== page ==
Menorah Glow

by Karl Hitzemann

The Hanukkah menorah is a nine-branched candelabrum that is lit during the eight day celebration of The Festival of Lights. On each night of Hanukkah, a new branch is lit. The ninth holder, called the shammash (which means "helper" or "servant"), holds the candle that is used to light all of the other candles. Typically, the shammash is offset on a higher or lower plane than the other eight candles.

"Menorah Glow" is a very pretty, floating song that describes how the menorah is used and how it enhances family gatherings during this happy time of year. Your older singers will appreciate the song's sophistication with its gentle melody and unique chord progressions, but it is still relatively easy enough for your younger singers to learn as well.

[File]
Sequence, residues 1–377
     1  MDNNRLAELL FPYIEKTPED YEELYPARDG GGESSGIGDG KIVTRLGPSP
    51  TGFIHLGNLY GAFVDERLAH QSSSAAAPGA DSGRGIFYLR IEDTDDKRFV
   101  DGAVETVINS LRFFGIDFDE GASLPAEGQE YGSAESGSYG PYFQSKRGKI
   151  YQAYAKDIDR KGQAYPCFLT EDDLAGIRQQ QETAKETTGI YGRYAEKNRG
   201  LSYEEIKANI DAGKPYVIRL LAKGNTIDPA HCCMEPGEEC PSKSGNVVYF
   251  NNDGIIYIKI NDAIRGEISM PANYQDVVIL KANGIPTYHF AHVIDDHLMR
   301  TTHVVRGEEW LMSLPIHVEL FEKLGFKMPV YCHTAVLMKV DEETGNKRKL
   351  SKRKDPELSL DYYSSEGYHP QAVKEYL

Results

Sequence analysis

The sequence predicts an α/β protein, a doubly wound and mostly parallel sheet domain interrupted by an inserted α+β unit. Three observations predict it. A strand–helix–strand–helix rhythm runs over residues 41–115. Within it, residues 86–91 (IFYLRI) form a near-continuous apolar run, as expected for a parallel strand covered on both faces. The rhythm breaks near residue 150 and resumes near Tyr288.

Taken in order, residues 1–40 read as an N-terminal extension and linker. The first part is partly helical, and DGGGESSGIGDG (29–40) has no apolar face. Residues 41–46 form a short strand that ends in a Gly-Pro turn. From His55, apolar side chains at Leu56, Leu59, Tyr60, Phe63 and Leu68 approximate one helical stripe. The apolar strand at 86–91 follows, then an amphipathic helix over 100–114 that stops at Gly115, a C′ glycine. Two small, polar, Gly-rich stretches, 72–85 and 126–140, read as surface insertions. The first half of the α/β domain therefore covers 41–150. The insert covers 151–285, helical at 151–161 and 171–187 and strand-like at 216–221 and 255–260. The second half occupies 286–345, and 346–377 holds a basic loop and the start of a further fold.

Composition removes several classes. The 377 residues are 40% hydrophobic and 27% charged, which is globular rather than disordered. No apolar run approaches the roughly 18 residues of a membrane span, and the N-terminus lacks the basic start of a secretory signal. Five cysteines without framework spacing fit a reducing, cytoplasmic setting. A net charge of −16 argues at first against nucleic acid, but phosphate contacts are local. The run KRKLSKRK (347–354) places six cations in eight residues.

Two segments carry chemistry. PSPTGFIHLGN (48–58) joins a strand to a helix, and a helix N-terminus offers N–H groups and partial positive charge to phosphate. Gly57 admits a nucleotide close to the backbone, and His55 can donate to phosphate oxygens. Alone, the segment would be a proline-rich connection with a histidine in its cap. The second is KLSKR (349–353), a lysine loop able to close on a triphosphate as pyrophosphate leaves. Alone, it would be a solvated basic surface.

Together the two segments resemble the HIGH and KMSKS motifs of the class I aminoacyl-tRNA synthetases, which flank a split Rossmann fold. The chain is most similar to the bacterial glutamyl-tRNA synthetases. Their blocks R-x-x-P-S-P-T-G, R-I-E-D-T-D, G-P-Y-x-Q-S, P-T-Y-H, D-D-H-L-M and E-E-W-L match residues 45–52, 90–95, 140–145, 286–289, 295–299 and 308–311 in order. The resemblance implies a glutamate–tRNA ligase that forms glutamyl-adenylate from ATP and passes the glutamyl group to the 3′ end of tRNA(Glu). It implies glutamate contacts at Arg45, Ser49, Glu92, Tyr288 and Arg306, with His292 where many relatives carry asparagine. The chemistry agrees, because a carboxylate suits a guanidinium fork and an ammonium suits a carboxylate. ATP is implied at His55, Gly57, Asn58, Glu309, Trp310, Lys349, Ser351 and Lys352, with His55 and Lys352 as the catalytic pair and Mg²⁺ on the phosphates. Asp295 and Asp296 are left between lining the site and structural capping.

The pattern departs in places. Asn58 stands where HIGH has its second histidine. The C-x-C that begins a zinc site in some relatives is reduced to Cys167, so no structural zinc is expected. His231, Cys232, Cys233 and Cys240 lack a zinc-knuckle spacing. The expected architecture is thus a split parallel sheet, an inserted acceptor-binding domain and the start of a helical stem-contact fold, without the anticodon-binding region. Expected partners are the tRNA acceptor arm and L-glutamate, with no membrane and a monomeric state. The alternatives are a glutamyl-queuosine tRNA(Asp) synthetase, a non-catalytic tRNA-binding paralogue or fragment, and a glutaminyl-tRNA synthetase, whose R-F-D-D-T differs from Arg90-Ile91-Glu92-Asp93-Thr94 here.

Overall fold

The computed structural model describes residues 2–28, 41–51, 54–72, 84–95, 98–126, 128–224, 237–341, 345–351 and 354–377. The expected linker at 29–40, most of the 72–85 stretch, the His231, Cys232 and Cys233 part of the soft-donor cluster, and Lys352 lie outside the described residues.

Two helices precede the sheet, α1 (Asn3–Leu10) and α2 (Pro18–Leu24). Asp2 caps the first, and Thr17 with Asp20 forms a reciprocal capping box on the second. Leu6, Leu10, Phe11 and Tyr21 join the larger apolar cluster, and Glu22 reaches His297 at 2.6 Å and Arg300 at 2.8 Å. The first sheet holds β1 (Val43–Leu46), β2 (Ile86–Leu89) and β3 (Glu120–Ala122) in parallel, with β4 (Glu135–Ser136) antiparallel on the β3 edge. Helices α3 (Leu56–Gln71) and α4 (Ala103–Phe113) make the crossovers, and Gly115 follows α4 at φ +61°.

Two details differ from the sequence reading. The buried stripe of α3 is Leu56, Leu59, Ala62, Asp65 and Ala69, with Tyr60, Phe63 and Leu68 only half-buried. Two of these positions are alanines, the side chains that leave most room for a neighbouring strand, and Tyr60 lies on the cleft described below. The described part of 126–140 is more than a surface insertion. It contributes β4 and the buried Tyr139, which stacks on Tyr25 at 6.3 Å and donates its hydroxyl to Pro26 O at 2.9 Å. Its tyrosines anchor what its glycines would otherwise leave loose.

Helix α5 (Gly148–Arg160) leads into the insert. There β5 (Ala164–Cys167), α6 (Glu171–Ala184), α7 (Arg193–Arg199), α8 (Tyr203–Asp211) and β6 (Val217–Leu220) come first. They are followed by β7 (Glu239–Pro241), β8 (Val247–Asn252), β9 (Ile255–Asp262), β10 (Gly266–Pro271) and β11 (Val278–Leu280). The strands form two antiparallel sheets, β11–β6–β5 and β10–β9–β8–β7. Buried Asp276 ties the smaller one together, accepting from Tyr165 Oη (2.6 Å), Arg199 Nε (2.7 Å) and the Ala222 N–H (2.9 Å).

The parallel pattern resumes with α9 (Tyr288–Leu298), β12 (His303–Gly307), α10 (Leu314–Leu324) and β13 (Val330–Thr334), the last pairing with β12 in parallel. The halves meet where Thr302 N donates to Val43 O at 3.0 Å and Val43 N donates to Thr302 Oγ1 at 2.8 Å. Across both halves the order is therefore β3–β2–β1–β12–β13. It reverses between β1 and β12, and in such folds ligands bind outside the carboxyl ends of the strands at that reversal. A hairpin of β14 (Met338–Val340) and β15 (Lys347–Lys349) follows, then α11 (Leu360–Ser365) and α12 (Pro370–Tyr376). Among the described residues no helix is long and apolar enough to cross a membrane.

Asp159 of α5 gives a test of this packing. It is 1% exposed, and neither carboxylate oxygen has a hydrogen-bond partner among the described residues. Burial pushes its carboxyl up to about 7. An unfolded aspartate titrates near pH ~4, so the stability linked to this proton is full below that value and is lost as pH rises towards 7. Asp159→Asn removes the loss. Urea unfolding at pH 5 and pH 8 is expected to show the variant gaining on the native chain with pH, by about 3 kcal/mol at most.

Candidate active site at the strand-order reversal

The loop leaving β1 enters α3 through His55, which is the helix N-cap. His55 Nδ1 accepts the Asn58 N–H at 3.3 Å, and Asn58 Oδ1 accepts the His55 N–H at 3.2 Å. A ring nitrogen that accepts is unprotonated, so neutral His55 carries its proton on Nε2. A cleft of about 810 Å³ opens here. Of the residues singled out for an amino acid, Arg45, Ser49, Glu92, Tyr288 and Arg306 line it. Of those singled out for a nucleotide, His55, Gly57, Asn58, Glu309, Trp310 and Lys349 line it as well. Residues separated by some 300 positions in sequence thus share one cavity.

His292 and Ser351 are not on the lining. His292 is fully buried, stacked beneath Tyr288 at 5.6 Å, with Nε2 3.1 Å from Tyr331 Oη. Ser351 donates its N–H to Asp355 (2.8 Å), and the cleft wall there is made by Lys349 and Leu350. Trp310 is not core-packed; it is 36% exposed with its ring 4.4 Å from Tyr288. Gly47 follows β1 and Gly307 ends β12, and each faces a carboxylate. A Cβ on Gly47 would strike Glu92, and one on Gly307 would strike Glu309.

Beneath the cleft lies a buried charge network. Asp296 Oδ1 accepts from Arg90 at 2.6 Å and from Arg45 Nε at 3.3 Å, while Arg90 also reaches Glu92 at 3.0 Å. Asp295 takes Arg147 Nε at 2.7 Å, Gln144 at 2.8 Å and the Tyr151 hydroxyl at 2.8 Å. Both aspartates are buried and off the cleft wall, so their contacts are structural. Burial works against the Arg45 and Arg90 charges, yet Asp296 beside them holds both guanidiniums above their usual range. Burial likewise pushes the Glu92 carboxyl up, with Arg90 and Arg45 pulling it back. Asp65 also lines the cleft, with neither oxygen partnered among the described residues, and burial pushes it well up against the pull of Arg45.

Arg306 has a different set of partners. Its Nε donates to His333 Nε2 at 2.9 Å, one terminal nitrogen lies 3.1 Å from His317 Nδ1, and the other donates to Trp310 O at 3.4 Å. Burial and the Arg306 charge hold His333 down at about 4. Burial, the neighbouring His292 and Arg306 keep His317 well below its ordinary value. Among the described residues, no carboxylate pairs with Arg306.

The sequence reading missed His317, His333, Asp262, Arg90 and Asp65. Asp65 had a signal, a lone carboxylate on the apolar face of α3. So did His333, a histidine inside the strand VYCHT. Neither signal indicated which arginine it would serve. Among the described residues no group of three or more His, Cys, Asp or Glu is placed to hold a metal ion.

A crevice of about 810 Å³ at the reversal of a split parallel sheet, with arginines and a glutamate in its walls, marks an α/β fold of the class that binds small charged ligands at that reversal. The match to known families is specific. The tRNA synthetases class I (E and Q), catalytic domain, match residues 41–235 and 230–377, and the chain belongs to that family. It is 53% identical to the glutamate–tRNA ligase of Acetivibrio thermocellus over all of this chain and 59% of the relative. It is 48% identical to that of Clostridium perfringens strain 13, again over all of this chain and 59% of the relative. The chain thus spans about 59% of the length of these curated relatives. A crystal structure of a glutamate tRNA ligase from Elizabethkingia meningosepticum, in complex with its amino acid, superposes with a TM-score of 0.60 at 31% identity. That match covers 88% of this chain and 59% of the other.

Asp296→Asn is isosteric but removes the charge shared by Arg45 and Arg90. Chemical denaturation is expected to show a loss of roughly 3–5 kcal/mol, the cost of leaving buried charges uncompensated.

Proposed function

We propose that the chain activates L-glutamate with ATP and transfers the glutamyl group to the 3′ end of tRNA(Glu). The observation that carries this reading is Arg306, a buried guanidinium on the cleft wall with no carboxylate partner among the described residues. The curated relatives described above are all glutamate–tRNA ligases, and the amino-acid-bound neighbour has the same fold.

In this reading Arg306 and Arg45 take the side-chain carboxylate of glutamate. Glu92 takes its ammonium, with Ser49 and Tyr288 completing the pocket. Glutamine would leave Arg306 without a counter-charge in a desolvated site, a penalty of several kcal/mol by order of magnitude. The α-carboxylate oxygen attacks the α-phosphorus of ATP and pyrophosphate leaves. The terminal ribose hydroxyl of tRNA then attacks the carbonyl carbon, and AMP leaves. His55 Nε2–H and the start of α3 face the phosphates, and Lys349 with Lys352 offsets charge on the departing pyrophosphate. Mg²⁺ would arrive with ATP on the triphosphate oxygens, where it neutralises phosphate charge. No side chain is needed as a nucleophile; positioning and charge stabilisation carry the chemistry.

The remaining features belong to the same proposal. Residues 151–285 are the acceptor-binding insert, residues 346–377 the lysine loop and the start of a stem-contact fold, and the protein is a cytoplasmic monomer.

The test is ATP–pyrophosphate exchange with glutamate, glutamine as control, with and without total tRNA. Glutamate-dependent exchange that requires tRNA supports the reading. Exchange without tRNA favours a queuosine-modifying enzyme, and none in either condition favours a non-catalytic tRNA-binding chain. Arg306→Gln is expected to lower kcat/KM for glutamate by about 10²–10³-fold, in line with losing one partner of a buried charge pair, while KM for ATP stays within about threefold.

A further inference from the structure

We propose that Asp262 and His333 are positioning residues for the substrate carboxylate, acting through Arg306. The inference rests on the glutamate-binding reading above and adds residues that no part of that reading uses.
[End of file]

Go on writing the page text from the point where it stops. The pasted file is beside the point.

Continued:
The accompaniment features piano, strings, guitar, bass, flute, and clarinet. Note that the tempo ebbs and flows a bit. These changes are marked in the score and occur where you would expect them. By the way, the provided piano part is really fun to play. It would be great to do a live performance with piano, flute, and guitar.

When referring to the lyrics of the song, be sure to explain to your singers that "shalom" (used in measure 34) is a Hebrew term of greeting or farewell and can mean "peace," "be well," "be safe," etc.

Beginning at measure 29 there is a second vocal part. It is optional but it really does add to the drama of the piece. On our web site, you will find an isolated part 2 rehearsal track that will help your singers learn the part. (See details on page 79.)

Text is taken from Music K-8 magazine.